Tourmaline; well hollowed, with a concave lip and recessed, flat foot surrounded by a protruding, rounded footrim; carved on one main side with a squirrel on a fruiting grape vine and on each narrow side with a flying bat holding a tassled cord in its mouth Probably imperial, 17601830 Height: 4.82 cm Mouth/lip: 0.6/2 and 1.9 cm (oval) Stopper: tourmaline; silver collar
Condition: Original material: suffused with icy flaws, line flaws, and one darker more opaque area just beneath the neck on the front of the two main sides; flaws in material have left some random small indentations on the lip; one tiny chip in centre of footrim, polished since but not removed completely, not obtrusive. General relative condition: excellent
Provenance: Harriet Hamilton Chimiles Collection Hugh M. Moss Ltd. (1997)
Published: Hamilton 1977, p. 56, no. S53 Treasury 3, no. 407
Commentary One of the great mysteries of the snuff-bottle world is the whereabouts of early tourmaline bottles. Tourmaline was a popular material, readily available, and valued at court, where it was extensively used for jewellery. It was also, of course, one of the most popular materials for snuff-bottle stoppers. There can be no doubt that the mid-Qing period saw the production of a range of tourmaline snuff bottles for the court and yet, until recently, very few tourmalines were ever considered to have been made any earlier than the late Qing or Republican periods. The search was on for any tourmaline bottle that related stylistically, formally or by subject matter to known works of the late eighteenth century, with a particularly keen eye ready to spot known palace workshops style of the period. Sure enough, some were found, as listed under Treasury 3, no. 407, to which we can add one in the National Museum of History in Taiwan, a peach-shaped pink tourmaline snuff bottle ascribed to the Qing dynasty.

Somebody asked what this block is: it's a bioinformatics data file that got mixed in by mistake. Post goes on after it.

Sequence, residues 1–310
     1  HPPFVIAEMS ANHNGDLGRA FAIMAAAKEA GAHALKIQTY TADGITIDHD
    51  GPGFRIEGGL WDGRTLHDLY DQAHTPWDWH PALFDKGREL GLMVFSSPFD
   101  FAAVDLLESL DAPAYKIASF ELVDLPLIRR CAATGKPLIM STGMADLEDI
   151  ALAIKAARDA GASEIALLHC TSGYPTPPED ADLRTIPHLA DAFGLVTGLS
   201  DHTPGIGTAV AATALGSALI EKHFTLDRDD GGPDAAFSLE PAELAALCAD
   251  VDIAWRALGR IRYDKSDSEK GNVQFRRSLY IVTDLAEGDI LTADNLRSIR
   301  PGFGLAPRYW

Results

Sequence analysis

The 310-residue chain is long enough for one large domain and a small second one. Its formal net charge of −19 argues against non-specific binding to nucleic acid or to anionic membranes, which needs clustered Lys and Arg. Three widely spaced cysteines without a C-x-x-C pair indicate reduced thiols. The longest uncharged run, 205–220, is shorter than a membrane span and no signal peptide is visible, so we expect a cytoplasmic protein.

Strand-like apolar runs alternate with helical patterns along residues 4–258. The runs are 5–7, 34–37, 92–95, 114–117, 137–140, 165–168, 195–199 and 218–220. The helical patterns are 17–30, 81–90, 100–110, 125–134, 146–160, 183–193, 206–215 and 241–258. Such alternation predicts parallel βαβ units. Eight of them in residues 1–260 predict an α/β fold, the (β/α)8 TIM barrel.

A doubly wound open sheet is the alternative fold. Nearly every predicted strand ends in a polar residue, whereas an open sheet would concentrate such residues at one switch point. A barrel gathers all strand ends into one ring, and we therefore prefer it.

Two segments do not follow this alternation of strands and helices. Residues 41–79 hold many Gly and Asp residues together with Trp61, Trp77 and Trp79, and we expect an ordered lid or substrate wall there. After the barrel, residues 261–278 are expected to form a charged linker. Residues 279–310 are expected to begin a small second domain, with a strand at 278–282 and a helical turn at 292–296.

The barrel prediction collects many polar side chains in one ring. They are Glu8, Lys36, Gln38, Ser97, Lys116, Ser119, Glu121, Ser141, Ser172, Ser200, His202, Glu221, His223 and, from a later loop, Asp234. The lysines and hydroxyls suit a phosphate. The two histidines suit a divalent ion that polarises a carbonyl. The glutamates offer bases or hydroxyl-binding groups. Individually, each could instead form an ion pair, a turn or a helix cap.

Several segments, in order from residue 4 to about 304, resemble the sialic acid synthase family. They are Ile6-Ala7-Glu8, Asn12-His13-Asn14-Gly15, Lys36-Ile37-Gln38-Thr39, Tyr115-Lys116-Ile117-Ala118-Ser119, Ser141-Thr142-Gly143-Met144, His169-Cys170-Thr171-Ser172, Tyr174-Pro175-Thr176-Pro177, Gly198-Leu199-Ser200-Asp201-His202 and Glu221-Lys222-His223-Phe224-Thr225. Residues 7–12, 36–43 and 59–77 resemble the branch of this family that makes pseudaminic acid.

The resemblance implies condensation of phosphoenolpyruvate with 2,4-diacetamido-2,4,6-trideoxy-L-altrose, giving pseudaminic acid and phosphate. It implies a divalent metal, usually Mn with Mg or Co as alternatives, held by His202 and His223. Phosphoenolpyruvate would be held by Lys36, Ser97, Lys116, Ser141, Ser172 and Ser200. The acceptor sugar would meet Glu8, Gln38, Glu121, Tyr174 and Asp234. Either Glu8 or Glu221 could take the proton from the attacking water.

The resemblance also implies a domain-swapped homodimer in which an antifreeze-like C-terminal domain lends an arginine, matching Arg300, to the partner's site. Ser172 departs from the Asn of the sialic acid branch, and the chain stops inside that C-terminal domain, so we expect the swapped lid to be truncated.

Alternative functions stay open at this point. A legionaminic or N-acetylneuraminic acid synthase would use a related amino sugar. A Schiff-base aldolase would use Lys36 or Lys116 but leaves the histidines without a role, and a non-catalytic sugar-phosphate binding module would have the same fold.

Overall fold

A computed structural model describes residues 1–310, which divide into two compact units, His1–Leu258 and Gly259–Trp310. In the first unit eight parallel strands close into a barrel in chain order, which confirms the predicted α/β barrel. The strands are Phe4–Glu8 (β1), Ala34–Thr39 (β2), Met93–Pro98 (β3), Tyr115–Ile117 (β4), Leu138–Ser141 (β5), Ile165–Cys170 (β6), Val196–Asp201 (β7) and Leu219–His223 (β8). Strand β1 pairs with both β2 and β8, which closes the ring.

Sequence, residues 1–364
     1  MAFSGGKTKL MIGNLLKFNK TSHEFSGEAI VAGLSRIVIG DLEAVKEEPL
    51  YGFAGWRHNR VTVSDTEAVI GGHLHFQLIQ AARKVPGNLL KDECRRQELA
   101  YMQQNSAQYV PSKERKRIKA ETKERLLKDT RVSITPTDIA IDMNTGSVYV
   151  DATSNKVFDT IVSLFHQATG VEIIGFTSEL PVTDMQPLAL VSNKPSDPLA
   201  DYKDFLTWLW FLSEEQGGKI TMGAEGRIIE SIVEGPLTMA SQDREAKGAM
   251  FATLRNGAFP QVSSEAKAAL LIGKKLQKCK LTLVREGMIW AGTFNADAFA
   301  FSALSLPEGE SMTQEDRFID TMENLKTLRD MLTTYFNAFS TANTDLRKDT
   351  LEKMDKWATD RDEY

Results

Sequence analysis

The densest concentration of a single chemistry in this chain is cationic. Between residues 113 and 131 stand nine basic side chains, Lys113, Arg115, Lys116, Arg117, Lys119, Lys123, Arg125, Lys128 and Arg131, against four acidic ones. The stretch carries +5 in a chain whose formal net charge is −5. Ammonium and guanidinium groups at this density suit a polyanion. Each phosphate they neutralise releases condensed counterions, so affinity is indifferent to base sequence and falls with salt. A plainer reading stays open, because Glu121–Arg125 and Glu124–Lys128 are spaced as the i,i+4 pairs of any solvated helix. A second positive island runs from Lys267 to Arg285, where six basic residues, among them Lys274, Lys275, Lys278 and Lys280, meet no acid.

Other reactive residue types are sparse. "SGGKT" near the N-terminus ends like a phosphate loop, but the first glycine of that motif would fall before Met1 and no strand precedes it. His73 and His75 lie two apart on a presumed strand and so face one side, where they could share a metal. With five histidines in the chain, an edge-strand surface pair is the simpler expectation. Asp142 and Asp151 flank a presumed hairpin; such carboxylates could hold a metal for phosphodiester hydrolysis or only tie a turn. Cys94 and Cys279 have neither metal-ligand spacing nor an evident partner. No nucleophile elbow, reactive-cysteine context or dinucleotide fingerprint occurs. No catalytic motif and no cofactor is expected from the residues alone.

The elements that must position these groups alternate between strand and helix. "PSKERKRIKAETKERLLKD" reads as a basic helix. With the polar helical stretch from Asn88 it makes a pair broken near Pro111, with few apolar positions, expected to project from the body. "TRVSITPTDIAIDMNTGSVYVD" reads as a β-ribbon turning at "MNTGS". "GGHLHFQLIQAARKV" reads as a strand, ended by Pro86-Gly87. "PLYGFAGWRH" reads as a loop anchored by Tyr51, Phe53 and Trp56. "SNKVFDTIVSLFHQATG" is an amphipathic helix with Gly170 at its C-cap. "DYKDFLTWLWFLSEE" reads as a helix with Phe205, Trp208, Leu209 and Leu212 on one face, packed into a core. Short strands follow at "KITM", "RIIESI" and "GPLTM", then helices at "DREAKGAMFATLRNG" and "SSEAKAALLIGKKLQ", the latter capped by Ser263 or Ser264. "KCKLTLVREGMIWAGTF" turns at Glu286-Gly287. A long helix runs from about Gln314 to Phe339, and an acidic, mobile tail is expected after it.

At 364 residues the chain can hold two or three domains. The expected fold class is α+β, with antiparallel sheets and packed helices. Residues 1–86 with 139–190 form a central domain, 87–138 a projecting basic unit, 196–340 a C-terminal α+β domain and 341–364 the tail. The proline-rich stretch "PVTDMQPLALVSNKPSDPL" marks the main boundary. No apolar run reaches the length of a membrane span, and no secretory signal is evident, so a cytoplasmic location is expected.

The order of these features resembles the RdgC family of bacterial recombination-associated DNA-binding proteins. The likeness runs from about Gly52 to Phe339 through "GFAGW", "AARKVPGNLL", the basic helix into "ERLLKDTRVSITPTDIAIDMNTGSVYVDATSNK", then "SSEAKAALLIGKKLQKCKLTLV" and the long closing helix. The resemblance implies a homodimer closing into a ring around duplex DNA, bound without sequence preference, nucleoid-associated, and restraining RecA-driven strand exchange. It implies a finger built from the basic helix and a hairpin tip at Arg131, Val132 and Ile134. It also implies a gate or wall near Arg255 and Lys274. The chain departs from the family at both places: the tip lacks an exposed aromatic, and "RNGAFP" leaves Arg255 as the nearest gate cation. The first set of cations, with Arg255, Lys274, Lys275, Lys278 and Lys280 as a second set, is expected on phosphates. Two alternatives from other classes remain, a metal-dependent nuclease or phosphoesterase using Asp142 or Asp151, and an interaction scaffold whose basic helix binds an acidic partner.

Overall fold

This is one of the most impressive of the obvious candidates for a late-eighteenth-century imperial provenance. We can be certain it is early, although we have allowed the possibility with an unmarked bottle that anything made during the latter part of the Qianlong period might be indistinguishable from an early nineteenth-century counterpart carrying on the same tradition, possibly even with the same artisans in some cases. The subject matter is suitably Qianlong and imperial, with a generally auspicious subject, making the bottle an appropriate gift either to or from the court. The squirrel on a grape vine is a symbol of ample and appears on a number of probably imperial bottles of the Qianlong period. Apart from a range of wares made from pink tourmaline, there seems also to have been a fashion for using two-coloured tourmaline at this time for carvings, whether snuff bottles or other items. One common colour combination was green and pink, known as 'watermelon tourmaline'. This example is of two colours, although of a more subtle variation than the green-and-pink variety.
Formally the bottle is appropriate for the eighteenth century and the court. It is unusually well hollowed for a precious stone, the interior profile matching the exterior perfectly, although the walls have been left thick enough to retain ample colour, the lip is concave, and the well-carved, recessed foot is flat. It is also extremely well carved in fully rounded relief and of the range of quality one finds on imperial jade and agate carving of the period, although the quality of the carving is apparent only under close observation because of the strong striations in the material.
Tourmaline is a complex silicate of boron and aluminum, sometimes in combination with magnesium, iron, or the alkali metals. It is known in a wide range of colours besides pink and green and it commonly includes more than one colour in a single crystal. It has a hardness of between 7 and 7.5 on the Mohs scale and is a fairly widespread mineral. Sources for the Chinese lapidary would have been Sri Lanka, Siberia, and Burma, Yunnan being the local commercial centre for Burmese and Sri Lankan stones. The name tourmaline is derived from the Sri Lankan turamali. During the early twentieth century, it is believed that material from California was also imported. Tourmaline was apparently available to the Chinese throughout the snuff-bottle period and probably before, although it did not come into prominence until adopted for court jewellery, small pendants, and snuff bottles, apparently during the Qing dynasty. It is another of the materials, however, that may have come into greater prominence after the conquest of Turkestan in 1759. The Xinjiang region provides several colours of tourmaline, including the distinctive pink-and-green variety. This would accord with the known carvings in the material.